- EPA Provides States with Flexibility to Achieve Emissions Reduction Targets. While each state’s rate-based emissions reduction goal represents a mandatory standard that the state must achieve, EPA offers the states considerable flexibility in achieving those goals. At the outset, EPA endorses states’ abilities to implement “portfolio” approaches that would “require EGUs and other entities to be legally responsible for actions required under the plan that will, in aggregate, achieve the emission performance level” (emphasis added). To achieve the targets, EPA notes that states may choose from market-based trading programs, GHG performance standards, renewable portfolio standards (“RPS”), energy efficiency resource standards (“EERS”), and other demand-side energy efficiency programs. EPA also recognizes that many states have already implemented programs to reduce CO2 emissions from fossil fuel-fired EGUs and specifically highlights the Regional Greenhouse Gas Initiative (“RGGI”), California’s Global Warming Solutions Act (AB32), and Colorado’s Clean Air, Clean Jobs Act. Finally, under the proposal, states are permitted to partner with each other and submit multi-state plans to reduce CO2 emissions from the energy sector.
- EPA Has Elected to Proceed through Notice and Comment Rulemaking. In a memorandum accompanying the Climate Action Plan, the President directed EPA to issue “standards, regulations, or guidelines” to address CO2 emissions from existing fossil fuel-fired EGUs. Although EPA refers to the proposal consistently as providing “guidelines,” it appears clear that the proposal is actually a rulemaking. This means that the proposed targets, once finalized, will be binding on each individual state. Further, the decision to proceed with a rulemaking will have important implications for the timing and content of judicial review upon finalization of the rule in 2015.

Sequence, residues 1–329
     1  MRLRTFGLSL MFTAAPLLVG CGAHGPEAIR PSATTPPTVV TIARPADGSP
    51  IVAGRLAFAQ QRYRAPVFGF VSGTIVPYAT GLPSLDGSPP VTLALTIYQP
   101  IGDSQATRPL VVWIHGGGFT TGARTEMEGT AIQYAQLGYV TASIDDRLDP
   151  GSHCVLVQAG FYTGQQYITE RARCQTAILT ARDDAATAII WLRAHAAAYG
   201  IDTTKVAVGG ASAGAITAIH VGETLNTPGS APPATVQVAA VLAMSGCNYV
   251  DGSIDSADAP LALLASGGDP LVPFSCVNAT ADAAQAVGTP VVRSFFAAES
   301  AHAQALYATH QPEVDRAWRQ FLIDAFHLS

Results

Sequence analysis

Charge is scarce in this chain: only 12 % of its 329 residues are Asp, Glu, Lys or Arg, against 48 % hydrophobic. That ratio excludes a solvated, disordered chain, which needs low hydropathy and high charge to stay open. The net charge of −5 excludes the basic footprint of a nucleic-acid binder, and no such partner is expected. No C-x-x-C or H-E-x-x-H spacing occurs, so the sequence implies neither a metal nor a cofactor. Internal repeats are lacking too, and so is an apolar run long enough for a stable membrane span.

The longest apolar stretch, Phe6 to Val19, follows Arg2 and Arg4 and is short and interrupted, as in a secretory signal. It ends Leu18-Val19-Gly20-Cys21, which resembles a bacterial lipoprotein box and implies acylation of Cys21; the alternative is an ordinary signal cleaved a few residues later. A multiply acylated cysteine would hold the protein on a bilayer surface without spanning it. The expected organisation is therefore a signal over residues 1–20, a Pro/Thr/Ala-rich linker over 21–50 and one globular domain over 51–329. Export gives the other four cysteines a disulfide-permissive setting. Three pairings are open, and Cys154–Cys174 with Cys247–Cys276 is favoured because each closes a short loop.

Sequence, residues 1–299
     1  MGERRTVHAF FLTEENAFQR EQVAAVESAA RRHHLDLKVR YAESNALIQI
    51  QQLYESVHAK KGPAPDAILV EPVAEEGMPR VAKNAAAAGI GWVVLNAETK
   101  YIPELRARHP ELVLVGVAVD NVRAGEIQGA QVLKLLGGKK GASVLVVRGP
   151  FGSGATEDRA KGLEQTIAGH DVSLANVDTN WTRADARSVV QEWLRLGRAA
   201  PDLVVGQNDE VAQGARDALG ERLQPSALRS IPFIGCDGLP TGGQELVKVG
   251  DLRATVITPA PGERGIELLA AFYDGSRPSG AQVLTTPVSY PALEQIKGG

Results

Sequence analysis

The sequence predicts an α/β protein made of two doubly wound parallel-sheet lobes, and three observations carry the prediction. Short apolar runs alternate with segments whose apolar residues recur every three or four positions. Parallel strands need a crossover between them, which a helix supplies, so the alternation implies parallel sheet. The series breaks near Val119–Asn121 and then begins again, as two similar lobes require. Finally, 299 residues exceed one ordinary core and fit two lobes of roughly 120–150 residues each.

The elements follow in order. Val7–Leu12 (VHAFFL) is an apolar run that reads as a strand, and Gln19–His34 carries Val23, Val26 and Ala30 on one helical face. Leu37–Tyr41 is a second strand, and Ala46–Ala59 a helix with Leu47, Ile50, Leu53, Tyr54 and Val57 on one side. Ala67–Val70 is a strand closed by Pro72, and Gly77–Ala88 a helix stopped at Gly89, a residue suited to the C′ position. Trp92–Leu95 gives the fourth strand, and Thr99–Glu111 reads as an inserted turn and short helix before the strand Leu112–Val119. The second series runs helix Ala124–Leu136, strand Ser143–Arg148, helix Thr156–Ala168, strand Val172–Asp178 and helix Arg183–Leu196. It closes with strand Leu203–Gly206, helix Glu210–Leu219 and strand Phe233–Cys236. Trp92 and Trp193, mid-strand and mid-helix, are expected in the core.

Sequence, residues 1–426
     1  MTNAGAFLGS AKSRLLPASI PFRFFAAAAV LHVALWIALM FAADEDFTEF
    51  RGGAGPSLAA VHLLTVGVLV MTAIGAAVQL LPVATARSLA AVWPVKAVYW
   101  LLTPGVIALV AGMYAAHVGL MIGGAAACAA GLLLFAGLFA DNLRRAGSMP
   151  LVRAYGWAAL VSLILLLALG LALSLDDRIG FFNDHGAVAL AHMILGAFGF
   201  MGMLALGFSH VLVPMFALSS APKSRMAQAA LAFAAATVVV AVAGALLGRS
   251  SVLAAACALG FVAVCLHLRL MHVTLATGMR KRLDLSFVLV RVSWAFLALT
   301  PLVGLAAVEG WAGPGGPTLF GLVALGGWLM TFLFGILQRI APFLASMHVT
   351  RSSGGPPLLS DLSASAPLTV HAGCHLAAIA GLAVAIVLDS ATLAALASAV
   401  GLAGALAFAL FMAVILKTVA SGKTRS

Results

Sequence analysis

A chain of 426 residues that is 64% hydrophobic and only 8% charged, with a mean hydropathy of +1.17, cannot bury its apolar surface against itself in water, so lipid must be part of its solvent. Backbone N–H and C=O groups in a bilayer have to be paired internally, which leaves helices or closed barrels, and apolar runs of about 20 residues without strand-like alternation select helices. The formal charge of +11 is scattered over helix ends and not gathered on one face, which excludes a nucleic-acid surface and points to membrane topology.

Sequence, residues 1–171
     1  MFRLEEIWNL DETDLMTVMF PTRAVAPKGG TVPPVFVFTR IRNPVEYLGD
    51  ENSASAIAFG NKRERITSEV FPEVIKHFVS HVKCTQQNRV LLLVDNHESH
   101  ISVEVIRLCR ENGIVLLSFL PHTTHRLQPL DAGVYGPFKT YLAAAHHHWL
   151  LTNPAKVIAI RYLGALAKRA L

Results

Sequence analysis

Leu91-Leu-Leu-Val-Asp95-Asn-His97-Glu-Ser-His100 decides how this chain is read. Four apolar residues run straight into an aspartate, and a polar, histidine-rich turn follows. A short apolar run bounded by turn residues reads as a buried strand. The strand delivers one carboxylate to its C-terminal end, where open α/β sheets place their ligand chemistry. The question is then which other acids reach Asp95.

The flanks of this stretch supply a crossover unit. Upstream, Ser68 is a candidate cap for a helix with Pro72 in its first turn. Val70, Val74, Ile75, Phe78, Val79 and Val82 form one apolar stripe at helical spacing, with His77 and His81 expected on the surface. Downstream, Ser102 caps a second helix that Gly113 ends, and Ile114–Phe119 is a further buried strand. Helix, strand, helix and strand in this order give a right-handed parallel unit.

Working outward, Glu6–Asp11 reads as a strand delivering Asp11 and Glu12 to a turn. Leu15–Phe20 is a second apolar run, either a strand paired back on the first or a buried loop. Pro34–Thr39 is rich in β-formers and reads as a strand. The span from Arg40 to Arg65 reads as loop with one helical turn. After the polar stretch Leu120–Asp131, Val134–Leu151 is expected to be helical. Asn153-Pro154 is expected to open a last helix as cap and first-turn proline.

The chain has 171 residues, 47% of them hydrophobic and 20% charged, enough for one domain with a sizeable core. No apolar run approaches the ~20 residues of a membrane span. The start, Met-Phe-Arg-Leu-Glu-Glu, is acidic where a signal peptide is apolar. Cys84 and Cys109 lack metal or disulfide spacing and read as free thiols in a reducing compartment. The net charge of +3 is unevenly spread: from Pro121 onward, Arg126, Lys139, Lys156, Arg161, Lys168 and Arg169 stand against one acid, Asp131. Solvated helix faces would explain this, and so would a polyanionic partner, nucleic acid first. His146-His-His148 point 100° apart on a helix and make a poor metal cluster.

- Congress Will Increase Engagement on the GHG Proposal. Following up on a number of markers laid last month, Congress is expected to increase focus on the Administration’s proposal. Senate Minority Leader Mitch McConnell (R-KY) is expected to introduce legislation this week addressing the carbon reduction proposal aimed at precluding EPA from finalizing regulations until various government agencies can provide certainty that jobs, gross domestic product and energy prices, etc., will not suffer as a result. On the House side, the Energy and Power Subcommittee of the Energy and Commerce Committee will hold a hearing on the proposal on June 18, 2014 with Acting Office of Air and Radiation Administrator Janet McCabe testifying. Washington insiders anticipate a summer full of questions and actions from Congress on the proposal. Open questions remain regarding what action, if any, various vulnerable in-cycle Democrats will take in order to strengthen their political positions at home.
EPA will accept public comments on the proposal for 120 days after the proposed rule is published in the Federal Register. EPA also intends to hold public hearings in late July in Atlanta, Denver, Pittsburgh and Washington, D.C. Pursuant to the Presidential Memorandum that accompanied the Climate Action Plan, EPA must issue a final rule by June 1, 2015, and the states must submit plans implementing the rule by June 30, 2016 (although EPA provides for some extension opportunities for the states).